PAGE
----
California lawmakers late Friday sent Gov. Jerry Brown a bill that would require presidential candidates to make their tax returns public before appearing on the state’s ballot.
The legislation, passed by a Democratic-controlled Legislature after similar measures failed to advance in other states, marked the latest volley in California’s ongoing feud with President Donald Trump.
[For] 40 years, 40 years … Democrats and Republicans alike have released their tax returns,” Democratic state Sen. Mike McGuire, the bill’s author, said on the Senate floor. “It’s time that California holds this president and all future presidents accountable.”
The enforceability of the bill remains in question. The U.S. Supreme Court has held that states cannot add to the qualifications for U.S. Senate or House members, according to a legislative analysis, and California’s legislative counsel released an opinion ahead of the vote calling the measure unconstitutional. But other legal experts have said such a requirement could pass constitutional muster.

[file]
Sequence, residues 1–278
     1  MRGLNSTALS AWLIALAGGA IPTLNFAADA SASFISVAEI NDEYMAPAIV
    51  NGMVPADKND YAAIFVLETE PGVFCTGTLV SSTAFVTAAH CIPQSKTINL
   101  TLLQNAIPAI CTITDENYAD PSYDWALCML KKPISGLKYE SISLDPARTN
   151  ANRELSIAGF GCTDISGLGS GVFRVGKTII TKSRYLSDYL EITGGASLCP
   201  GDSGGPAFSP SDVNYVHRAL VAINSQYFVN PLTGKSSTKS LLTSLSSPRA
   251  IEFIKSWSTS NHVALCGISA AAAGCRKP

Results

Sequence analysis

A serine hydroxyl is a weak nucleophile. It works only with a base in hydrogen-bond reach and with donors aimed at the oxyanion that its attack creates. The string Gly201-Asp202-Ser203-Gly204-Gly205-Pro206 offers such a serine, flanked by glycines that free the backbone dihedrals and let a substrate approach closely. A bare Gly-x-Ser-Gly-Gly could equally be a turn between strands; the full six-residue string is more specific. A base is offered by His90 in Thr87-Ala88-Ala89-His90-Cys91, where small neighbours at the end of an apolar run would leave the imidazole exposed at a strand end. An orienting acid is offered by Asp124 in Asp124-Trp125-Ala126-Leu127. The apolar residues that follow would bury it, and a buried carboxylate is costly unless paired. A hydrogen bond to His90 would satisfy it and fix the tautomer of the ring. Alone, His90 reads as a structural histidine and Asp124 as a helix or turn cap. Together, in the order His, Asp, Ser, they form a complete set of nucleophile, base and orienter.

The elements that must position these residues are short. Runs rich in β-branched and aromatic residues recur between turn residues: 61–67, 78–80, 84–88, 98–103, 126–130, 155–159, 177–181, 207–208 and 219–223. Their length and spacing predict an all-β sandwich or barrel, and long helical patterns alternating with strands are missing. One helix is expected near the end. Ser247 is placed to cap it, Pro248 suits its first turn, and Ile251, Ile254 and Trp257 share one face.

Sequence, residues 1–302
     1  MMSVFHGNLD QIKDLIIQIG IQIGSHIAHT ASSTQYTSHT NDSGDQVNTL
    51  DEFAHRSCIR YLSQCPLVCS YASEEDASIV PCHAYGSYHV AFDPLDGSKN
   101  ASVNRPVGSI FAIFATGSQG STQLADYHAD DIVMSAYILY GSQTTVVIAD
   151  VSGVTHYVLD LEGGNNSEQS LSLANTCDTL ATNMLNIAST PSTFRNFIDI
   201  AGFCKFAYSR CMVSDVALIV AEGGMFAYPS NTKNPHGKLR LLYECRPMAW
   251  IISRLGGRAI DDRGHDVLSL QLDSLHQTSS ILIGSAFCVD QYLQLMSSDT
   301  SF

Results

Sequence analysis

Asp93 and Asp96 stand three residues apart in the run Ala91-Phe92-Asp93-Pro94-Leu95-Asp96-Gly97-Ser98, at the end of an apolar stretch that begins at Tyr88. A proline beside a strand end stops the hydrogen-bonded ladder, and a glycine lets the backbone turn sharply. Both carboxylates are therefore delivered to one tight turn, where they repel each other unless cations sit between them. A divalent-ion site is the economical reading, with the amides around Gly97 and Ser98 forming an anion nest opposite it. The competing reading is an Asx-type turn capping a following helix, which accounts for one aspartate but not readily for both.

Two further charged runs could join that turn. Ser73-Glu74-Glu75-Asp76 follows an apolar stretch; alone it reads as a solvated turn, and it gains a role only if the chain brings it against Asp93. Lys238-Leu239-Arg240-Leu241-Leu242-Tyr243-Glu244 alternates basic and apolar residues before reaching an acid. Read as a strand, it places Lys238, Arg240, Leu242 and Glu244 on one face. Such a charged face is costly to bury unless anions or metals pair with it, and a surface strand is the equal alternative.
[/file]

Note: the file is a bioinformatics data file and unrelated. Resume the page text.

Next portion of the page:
It is also unclear if Brown will sign the measure. While Trump is the first president in years to ascend to the White House without releasing his tax returns, the Democratic governor has resisted similar disclosures. In a break with longstanding tradition of gubernatorial candidates in California, he did not release his tax returns during his 2010 or 2014 campaigns.
The measure passed the state Senate on the final day of this year’s legislative session, after gaining approval in California’s lower house the previous day. The bill would require, as a condition for appearing on the primary ballot, that presidential candidates file copies of their five most recent tax returns with state officials. The state, in turn, would make them public.